Spokesperson for the UN High Commissioner for Human Rights: Ravina Shamdasani
Date: 29 April 2014
Subject: 1) Egypt
4) South Sudan
5) UN Bollywood Video
The UN High Commissioner for Human Rights Navi Pillay has strongly condemned the shocking imposition yesterday of the death penalty on 683 individuals in Egypt, after mass trials that she said clearly breached international human rights law.
“It is outrageous that for the second time in two months, the Sixth Chamber of the Criminal Court in Al-Minya has imposed the death sentence on huge groups of defendants after perfunctory trials,” she said.
“In defiance of worldwide pleas for Egypt to respect its human rights obligations after 529 people were sentenced to death in March by the same court, hundreds now face a similar fate at the hands of a judicial system where international fair trial guarantees appear to be increasingly trampled upon.”
“It is high time that Egypt takes its human rights commitments seriously,” Pillay added, noting in particular that Egypt has ratified the International Covenant on Civil and Political Rights.
According to information received, the 683 defendants were charged with killing a policeman and breaking into the Edwa police station in Al-Minya on 14 August 2013, among other charges. As in the previous cases, the exact charges against each defendant are not clear, given that they were not individually read out in court.
We are deeply concerned about a new regulation adopted in the Maldives on implementation of the death penalty, which effectively overturns a 60-year moratorium on the use of capital punishment in the country.
The new regulation, adopted by the Government on Sunday (27 April), provides for the use of the death penalty for the offence of intentional murder, including when committed by individuals under the age of 18. The age of criminal responsibility in the Maldives is 10, but for hadd offences, children as young as 7 years old can be held responsible. The new regulation means that children as young as 7 can now be sentenced to death.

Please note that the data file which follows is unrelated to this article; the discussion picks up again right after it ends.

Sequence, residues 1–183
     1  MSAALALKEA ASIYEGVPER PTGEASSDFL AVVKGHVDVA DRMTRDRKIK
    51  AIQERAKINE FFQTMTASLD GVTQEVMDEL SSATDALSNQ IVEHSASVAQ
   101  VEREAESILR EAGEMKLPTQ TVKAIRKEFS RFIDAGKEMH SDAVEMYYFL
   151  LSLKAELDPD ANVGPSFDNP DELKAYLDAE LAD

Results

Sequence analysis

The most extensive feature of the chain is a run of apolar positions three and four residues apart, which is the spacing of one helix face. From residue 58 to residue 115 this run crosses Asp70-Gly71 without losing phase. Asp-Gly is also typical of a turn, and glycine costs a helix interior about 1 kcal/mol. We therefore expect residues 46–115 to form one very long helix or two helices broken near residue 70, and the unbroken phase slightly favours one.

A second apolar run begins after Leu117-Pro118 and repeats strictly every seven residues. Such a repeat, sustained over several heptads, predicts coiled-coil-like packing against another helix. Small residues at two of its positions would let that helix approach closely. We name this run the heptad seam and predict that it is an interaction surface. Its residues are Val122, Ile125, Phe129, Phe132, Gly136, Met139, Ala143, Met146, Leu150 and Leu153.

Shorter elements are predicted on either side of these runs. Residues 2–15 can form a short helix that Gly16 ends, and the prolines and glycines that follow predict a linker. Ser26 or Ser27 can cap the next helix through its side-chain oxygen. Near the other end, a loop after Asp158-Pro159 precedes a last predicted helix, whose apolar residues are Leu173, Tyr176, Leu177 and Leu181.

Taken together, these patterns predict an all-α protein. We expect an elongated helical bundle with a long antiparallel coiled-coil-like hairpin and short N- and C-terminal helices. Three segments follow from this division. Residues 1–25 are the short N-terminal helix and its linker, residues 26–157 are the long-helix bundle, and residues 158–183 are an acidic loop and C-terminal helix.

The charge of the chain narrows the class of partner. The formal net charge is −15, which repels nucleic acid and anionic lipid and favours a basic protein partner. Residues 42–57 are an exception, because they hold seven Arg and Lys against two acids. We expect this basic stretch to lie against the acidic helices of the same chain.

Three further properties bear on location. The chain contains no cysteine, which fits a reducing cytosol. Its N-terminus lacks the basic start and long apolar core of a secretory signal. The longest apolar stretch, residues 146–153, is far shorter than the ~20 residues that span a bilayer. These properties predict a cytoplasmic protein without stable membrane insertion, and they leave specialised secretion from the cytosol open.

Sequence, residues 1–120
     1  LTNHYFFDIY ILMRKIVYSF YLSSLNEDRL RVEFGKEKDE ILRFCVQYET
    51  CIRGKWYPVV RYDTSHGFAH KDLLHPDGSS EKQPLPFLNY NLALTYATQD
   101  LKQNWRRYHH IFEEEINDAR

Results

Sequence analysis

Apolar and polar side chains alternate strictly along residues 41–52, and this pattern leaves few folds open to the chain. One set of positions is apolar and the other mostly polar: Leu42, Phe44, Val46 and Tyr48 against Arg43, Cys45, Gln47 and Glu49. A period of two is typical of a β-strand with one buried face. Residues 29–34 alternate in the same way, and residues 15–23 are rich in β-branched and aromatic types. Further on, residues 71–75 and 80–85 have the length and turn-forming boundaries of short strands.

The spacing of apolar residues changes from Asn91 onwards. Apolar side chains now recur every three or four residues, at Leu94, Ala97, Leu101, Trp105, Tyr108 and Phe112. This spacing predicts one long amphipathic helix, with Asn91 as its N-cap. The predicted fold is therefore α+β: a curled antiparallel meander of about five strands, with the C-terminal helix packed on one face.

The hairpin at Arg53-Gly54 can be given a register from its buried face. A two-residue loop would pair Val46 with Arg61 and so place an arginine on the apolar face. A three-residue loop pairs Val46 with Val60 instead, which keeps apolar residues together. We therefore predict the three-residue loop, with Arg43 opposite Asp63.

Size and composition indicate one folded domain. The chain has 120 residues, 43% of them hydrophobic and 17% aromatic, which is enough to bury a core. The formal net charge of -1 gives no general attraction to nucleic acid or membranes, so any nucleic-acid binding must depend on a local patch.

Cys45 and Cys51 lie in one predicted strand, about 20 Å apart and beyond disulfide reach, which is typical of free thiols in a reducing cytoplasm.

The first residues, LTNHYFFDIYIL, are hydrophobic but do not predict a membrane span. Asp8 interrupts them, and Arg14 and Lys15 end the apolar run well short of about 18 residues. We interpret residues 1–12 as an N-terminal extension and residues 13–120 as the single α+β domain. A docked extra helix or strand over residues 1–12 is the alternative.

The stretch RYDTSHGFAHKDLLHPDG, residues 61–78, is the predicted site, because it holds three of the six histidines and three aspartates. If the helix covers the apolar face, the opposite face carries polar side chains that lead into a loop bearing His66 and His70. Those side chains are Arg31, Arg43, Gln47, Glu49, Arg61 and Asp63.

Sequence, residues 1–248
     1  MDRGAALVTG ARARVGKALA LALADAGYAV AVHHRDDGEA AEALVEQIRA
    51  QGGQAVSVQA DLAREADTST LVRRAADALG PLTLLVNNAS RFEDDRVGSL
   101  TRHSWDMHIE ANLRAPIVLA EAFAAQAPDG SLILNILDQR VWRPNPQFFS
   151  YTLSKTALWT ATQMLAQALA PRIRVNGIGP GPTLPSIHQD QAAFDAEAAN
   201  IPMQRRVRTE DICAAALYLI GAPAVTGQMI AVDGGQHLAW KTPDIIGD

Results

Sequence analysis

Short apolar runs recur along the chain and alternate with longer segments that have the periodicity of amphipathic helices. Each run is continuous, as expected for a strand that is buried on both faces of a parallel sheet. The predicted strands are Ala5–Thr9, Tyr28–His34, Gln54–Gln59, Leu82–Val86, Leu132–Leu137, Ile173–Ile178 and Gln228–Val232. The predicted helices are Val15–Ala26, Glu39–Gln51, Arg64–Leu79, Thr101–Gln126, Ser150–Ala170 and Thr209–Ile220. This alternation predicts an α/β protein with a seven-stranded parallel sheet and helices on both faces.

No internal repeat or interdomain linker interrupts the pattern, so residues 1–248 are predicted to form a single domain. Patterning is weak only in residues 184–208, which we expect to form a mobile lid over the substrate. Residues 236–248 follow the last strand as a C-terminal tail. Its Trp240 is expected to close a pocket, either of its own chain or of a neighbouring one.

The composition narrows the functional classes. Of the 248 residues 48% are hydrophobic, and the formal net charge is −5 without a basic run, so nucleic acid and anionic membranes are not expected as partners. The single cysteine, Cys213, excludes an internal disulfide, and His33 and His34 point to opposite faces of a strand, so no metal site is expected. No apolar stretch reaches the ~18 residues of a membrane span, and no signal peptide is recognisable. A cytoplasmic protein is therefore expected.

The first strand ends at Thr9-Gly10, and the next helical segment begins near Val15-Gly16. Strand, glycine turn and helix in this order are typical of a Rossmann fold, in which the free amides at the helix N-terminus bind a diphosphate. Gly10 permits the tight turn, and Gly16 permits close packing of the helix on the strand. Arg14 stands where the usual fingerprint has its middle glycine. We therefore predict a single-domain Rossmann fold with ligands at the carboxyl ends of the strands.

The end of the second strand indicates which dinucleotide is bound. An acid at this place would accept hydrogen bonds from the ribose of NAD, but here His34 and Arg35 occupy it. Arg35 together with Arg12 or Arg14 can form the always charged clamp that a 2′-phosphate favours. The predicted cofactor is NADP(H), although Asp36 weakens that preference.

According to the new regulation, minors convicted of intentional murder shall be executed once they turn 18. Similar provisions in the recently ratified Penal Code, allowing for the application of the death penalty for crimes committed when below the age of 18, are also deeply regrettable.
Under international law, those who are charged and convicted for offences they have committed under 18 years of age should not be sentenced to death or life imprisonment without possibility of release. International human rights treaties, particularly the Convention on the Rights of the Child and the International Covenant on Civil and Political Rights, which Maldives has ratified, impose an absolute ban on the death sentence against persons below the age of 18 at the time when the offence was committed.
Maldives has observed a moratorium on the death penalty for 60 years, and reaffirmed its commitment to maintain it during its first Universal Periodic Review (UPR) in 2010.
We urge the Government to retain its moratorium on the use of the death penalty in all circumstances, particularly in cases that involve juvenile offenders and to work towards abolishing the practice altogether. We equally encourage the Government to repeal the new regulations and other provisions that provides for the death penalty.
We welcome the decision of the Appeal Court last Friday declaring that section 9(5) of the Peaceful Assembly Act is unconstitutional as it criminalizes the peaceful exercise of freedom of assembly.
Section 9(5) states that a "person who contravenes [the 10 days notification before the date of an assembly] commits an offence and shall, on conviction, be liable to a fine not exceeding ten thousand ringgit".
On 7 December 2011, a group of UN independent experts warned that the new Peaceful Assembly Act may “arbitrarily and disproportionately restrict the right to assemble peacefully”, and urged the Government of Malaysia to seriously reconsider the adoption of the Act. During its 2013 UPR, the Government indicated that "Malaysia has no plans to revise this Act at this juncture" in spite of several recommendations submitted by members of the Human Rights Council.
We commend the decision of the Appeal Court and further encourage the Government of Malaysia to review the controversial provisions of the Act in line with the Constitution and international human rights standards.
4) South Sudan
Yesterday the High Commissioner met President Salva Kiir and five Ministers in Juba. Today, she is heading to Bor and has further meetings. She will hold a press conference in Juba tomorrow (Wednesday) morning around 10h00 Juba time. She then plans to proceed to Addis Ababa for talks with the African Union, among other interlocutors.
5) UN Bollywood video
The Office of the UN High Commissioner for Human Rights will tomorrow launch the first ever Bollywood-style UN music video at a press conference in Mumbai to promote its Free & Equal campaign for lesbian, gay, bisexual and transgender equality. More details will follow in a press release tomorrow.
For more information or media requests, please contact Ravina Shamdasani (+41 22 917 9169 /email@example.com or Cécile Pouilly (+41 22 917 9310 / firstname.lastname@example.org)
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